Dubie, Shumlin Make Last Ditch Efforts to Boost Turnout
It all began in January 2009 when the first Democrat announced he was running for governor, just days before Gov. Jim Douglas was sworn into office for the fourth time.
The Democrat was Sen. Doug Racine, the man Douglas defated in 2002.
Now here we are — 22 months later — and it's come down to a near dead heat between Republican Brian Dubie and Democrat Peter Shumlin. See my predictions below the jump.
Shumlin was the last to get into the race — officially — among the Democrats, but he managed to beat Racine by 203 votes in a five-way primary. Racine requested a recount, which took less than a week to complete.
Dubie leapt into the race only after Douglas decided he wouldn't opt for a fifth term. Other Republicans flirted with the idea, including Auditor Tom Salmon (who had just left the Democratic Party), former Ambassador Rodolphe "Skip" Vallee, among others.
Both Shumlin and Dubie held rallies today to pump up the faithful. Vice President Joe Biden stumped in Vermont for Shumlin. I posted a video of Shumlin and Biden's speeches in two parts: Part One & Part Two.
About 500 people crammed into a cordoned off section of the Patrick Gymnasium — a rather small crowd given the main attraction was a sitting vice president. Biden, too, at times seemed like he was having an intimate chat with friends over a coffee than in a roomful of people who wanted to be, well, inspired.
Biden implored the crowd to put Shumlin in the governor's office and help re-elect Rep. Peter Welch and Sen. Patrick Leahy. "This is not your grandfather's Republican party," he warned the roomful of Democrats and independents who may be thinking of supporting the GOP this election cycle.
Dubie hosted a rally in Essex at the Champlain Valley Exposition; it was the final stop on his "Final Approach" tour which had taken him across the state. Gov. Jim Douglas joined him on part of the trip as they hit GOP strongholds in the Northeast Kingdom and Rutland and Franklin counties before landing in Chittenden County. I posted Dubie's final rallying cry to supporters here.
Unlike the Biden event, the Dubie crowd only measured about 225. But what it lacked in numbers it made up for in volume and energy. On their way out the door, people were invited back to Dubie campaign headquarters to call potential voters and eat pizza. Or, participants could take a packet and call 50 people from the privacy of their homes.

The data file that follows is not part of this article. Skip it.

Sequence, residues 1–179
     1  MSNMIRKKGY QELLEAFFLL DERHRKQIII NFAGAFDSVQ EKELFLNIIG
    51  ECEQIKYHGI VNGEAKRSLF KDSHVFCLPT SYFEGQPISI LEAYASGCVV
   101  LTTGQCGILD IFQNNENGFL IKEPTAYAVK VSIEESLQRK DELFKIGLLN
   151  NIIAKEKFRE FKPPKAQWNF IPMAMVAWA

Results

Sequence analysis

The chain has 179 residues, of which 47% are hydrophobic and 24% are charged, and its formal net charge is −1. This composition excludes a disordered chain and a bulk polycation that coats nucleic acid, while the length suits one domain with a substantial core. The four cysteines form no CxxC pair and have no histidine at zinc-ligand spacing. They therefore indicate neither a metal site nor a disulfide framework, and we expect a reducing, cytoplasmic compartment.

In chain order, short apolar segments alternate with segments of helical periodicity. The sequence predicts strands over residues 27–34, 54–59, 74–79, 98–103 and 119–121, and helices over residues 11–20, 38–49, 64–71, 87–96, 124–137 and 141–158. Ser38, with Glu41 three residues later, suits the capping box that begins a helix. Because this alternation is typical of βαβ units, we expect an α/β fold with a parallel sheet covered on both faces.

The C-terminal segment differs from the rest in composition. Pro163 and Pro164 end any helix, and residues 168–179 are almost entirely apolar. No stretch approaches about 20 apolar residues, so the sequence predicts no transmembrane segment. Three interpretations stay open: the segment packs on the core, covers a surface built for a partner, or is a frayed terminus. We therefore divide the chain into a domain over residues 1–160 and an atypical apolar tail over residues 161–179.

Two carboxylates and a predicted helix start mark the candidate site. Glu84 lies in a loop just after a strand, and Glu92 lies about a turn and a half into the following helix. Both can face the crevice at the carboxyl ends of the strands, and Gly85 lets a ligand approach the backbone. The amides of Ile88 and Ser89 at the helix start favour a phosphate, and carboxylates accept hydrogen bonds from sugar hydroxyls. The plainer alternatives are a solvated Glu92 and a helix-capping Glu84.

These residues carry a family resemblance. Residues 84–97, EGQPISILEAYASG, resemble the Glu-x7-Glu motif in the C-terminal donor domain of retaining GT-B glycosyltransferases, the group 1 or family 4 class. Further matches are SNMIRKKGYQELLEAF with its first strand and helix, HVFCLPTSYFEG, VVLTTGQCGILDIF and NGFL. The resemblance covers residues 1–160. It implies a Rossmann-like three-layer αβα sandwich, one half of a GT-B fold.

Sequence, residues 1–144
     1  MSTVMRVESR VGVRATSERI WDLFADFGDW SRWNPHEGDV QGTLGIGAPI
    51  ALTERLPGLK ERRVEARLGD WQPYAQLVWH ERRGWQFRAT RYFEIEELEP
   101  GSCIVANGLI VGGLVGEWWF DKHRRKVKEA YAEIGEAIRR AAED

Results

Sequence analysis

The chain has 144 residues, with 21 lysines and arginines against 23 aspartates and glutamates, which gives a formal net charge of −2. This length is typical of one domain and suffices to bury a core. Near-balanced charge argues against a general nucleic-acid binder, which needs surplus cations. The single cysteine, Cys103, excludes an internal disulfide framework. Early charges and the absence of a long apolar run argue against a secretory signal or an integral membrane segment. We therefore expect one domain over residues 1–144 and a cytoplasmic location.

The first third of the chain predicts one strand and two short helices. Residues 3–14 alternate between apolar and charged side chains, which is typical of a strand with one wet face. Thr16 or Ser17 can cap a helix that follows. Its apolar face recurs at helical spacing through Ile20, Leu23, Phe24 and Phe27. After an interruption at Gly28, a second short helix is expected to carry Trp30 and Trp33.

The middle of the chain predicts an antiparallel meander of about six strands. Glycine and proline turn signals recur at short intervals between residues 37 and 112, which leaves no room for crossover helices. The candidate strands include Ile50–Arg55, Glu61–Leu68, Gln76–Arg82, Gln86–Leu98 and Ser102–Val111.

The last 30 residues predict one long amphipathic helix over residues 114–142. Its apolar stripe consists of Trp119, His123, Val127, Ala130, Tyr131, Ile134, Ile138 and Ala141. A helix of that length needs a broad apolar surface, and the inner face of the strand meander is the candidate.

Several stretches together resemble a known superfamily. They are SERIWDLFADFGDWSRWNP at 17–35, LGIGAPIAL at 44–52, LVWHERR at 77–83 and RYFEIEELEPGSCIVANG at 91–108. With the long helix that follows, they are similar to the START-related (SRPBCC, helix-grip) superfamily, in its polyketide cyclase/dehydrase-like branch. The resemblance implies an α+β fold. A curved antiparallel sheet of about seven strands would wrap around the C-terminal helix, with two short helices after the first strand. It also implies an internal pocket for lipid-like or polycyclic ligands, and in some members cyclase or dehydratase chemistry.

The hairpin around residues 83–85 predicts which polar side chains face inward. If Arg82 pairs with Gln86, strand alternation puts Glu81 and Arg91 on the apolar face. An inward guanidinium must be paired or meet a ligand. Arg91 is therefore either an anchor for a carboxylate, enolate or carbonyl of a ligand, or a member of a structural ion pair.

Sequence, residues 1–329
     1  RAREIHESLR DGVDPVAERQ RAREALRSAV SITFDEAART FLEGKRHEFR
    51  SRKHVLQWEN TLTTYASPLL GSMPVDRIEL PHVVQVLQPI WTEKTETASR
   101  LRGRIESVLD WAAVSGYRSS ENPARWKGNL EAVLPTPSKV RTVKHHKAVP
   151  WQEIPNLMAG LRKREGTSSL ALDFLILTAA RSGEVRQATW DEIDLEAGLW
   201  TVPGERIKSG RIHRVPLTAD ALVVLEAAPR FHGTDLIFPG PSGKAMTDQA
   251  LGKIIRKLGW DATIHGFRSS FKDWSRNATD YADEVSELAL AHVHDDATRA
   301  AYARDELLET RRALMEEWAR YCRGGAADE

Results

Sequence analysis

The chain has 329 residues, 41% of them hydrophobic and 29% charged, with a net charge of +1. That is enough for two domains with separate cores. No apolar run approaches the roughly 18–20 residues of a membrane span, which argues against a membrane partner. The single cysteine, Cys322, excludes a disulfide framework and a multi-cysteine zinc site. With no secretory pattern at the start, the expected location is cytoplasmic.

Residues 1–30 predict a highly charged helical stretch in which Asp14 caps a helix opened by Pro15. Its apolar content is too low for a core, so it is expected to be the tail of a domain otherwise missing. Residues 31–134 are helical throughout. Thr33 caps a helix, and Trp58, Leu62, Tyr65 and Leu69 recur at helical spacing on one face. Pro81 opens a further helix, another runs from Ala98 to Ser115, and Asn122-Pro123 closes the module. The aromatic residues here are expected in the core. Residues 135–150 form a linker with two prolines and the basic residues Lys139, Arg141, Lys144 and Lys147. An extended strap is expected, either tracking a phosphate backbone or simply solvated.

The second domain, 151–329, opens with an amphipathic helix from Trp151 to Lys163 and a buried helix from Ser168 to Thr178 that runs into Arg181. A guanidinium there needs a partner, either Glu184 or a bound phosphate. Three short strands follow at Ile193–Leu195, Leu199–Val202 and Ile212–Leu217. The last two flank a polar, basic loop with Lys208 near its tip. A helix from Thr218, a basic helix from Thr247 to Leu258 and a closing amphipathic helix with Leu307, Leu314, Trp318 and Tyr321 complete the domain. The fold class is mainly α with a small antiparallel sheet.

Both Dubie and Shumlin will greet voters in populous Chittenden County today.
The election remains tight according to recent polls, but turnout will be the determining factor. Which isn't saying much, because it almost always is.
Among those polled who had already cast their ballots, which is expected to be about 25 percent of the voters in this election, Shumlin leads Dubie 56 percent to 38 percent. He may need that extra push if independents opt to sit out this election due to the negative tone of some of the radio and TV advertisements on both sides.
My predictions are as follows, as I see two scenarios depending on actual voter turnout:
Scenario 1: If voter turnout stays at 60 percent of registered voters, or less, then Dubie will win by two to three percentage points (47-49 percent total). It's also likely that Dubie doesn't crest above 50 percent, which would force the legislature to make the final decision.
Scenario 2: If voter turnout reaches closer to 65 (or even 70 percent) I would give the edge then to Shumlin and could see him winning with 52-54 percent of the vote.
The last time an open seat for governor fell during a midterm election was in 2002, when Douglas bested Racine by three percentage points.
As background, below are voter turnout stats from previous Vermont midterm elections dating back to 1994, as reported by the Secretary of State's Office.
See you out and about today at the polls. Don't forget — vote early & vote often.
ELECTION - 1994
TOTAL REGISTERED: 373442
ACTUAL VOTERS: 216666
NO, OF ABSENTEE 20913
VOTER TURNOUT: 58.2%
ELECTION - 1998
TOTAL REGISTERED: 402603
ACTUAL VOTERS: 220991
NO. OF ABSENTEE: 23681
VOTER TURNOUT 54.89%
ELECTION - 2002
TOTAL REGISTERED: 418718
ACTUAL VOTERS: 232993
NO. OF ABSENTEE: 35417
VOTER TURNOUT: 56%
ELECTION - 2006
TOTAL REGISTERED: 433572
ACTUAL VOTERS: 263025
NO. OF ABSENTEE: 53092
VOTER TURNOUT: 60.7%